Big Interview

David Jan Aris, Liberty Global: The next Euro star

Liberty Global has emerged as a major player in the European wholesale market in 2013. Alex Hawkes speaks exclusively to the company’s director of enterprise and wholesale, David Jan Aris, about how M&A activity is transforming the continent.

In a year of eye-catching telecoms deals across Europe, Liberty Global’s acquisition of Virgin Media certainly stood out. The move, along with several other strategic stake increases, has seen the company emerge as a major player on the continent’s wholesale scene.

“I find it fascinating,” says Liberty Global’s director of enterprise and wholesale David Jan Aris, reflecting on the huge level of M&A activity in the European market in 2013. “On one hand you have Vodafone, which is a hunter on the lookout for acquisitions, but on the other hand, the company is still the prey, as it is being watched by AT&T.”

Aris has witnessed first-hand how a fast and effective M&A strategy can significantly transform a company’s wholesale operations, helping to both strengthen service capabilities and extend market reach.

Liberty Global has acted fast in 2013. After securing Virgin Media for approximately $24 billion, the company also increased its stake in Dutch cable firm Ziggo from 15% to 28.5%, and increased its stake in Belgium’s Telenet from 50.2% to 58.4%.

Its name has also been linked to other companies, and it narrowly missed out to Vodafone in its attempt to acquire Kabel Deutschland. All of this activity has significantly raised Liberty Global’s profile in the region.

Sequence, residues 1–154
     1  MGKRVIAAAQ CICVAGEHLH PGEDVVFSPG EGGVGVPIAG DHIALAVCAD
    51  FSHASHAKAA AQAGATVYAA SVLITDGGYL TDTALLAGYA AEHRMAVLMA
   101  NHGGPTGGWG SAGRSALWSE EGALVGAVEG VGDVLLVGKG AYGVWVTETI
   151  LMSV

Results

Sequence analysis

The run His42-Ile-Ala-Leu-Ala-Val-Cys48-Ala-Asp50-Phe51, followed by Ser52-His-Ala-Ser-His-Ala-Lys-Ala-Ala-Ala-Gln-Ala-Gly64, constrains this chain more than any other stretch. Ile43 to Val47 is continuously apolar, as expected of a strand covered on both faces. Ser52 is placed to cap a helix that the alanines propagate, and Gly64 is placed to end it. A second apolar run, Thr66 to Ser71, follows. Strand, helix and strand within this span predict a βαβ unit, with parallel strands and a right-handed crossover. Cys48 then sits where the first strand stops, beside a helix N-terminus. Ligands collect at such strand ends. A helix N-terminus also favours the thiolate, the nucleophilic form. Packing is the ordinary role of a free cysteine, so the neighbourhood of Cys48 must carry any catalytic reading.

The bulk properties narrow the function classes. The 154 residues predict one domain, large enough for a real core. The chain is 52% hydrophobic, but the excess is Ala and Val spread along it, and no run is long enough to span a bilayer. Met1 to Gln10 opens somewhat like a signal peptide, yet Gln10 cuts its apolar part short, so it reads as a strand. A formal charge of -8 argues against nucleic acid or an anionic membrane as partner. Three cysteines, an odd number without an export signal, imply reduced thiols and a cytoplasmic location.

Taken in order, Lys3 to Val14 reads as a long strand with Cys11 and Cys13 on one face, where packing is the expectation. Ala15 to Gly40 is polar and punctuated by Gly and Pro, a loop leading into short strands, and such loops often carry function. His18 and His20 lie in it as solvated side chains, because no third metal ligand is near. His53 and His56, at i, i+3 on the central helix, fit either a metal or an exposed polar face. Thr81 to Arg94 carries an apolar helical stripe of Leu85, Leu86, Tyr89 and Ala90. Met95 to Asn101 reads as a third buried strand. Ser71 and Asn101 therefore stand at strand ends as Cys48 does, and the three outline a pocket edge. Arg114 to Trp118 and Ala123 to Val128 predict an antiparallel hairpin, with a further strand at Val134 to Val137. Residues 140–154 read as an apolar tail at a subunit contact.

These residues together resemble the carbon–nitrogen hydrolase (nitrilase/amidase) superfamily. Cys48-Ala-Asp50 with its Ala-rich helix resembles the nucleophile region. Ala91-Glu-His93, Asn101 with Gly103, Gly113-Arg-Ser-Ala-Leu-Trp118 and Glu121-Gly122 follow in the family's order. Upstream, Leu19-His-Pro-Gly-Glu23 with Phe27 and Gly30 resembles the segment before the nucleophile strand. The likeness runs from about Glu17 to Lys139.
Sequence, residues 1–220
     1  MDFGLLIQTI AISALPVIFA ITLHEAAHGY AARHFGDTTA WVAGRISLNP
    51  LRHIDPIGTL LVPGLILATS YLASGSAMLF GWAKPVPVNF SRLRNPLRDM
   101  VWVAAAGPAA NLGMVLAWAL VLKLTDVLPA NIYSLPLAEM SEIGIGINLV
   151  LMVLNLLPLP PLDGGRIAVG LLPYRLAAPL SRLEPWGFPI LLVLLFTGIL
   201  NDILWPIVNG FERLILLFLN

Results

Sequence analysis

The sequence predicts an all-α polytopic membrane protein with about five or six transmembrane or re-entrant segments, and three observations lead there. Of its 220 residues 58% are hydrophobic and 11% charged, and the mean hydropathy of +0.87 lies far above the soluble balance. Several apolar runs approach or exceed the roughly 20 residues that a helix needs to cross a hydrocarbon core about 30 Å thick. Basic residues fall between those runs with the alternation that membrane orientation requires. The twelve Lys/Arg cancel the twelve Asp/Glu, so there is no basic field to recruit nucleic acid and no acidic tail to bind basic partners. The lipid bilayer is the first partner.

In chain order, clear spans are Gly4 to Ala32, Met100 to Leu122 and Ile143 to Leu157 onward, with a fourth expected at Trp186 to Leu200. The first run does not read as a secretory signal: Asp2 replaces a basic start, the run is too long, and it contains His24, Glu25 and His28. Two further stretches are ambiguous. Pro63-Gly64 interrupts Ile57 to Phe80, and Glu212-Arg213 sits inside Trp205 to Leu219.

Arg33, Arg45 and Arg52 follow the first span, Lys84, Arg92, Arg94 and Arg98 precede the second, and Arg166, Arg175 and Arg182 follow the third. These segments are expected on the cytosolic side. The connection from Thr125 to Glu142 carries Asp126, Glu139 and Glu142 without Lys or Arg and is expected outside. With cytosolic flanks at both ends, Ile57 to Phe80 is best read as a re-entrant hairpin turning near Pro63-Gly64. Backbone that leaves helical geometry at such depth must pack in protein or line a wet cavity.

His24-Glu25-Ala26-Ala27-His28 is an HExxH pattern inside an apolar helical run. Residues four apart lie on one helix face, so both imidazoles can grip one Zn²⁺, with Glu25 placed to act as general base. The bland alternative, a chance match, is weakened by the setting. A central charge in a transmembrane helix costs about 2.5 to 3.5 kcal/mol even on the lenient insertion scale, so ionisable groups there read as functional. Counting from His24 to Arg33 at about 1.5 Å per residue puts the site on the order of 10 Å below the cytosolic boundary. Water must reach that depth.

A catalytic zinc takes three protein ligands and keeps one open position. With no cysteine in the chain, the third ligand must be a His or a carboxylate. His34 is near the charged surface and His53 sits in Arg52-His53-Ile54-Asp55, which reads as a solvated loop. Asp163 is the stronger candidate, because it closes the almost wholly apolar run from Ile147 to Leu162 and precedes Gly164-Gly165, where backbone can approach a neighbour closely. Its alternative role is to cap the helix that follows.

“We have entered a large eye-catching market via acquisitions, and people recognise that,” says Aris. “We have made large investments compared to previous years and that has specifically helped us in the wholesale market.”

According to Aris, the company now owns over 1 million km of fibre across Europe, with 122,000 business locations connected to its extensive network. “The other interesting metric is we have over 110 account managers across our footprint, which is the kind of size that makes us comparable with the big players in Europe,” he says.

Focus on fibre

Liberty Global is one of the world’s largest cable companies, and was formed in 2005 as a result of a merger between the international arm of Liberty Media and UGC. In Europe, its wholesale services have traditionally operated under UPC Wholesale, which Aris has led since 2010.

Aligning all of its wholesale operations under the Liberty Global brand has seen the focus of the unit’s operations shift from eastern Europe to the west.

“The majority of our wholesale revenues are now from western Europe and it’s been quite fascinating to bring all these cultures and companies together,” says Aris. “The western European market is very dynamic, particularly compared to some eastern markets, where in some cases the competition is only coming from the incumbent.”

Aris also feels that operating under the Liberty Global brand has given the company greater visibility in Europe, where it is recognised as one of the largest cable operators.

“I think that in the past we were strongly concentrated around the UPC brand in a lot of the markets, but that doesn’t fit anymore with our acquisition of Virgin Media, our increased stake in Telenet and our various German entities. So in that sense, we clearly see that a new brand was needed,” he says. “It also relates back to our strong financial background. People recognise we’ve performed strongly in the stock market.”

Local hero

So now that Liberty Global has officially arrived in the European wholesale market, what can it offer the carrier community?

“We have a very compelling offer to other carriers through our investment in fibre. That is ultimately our USP,” says Aris. “If you look at the international carriers, many of them have invested in cross-border connectivity. We have used our strength in local networks and local expertise, which is why we are a good fit with international carriers – because we can deliver on the last mile to their networks,” he adds.

On the enterprise side, the acquisition of Virgin Media has given Liberty Global a solid business network to help carriers serve multinational customers.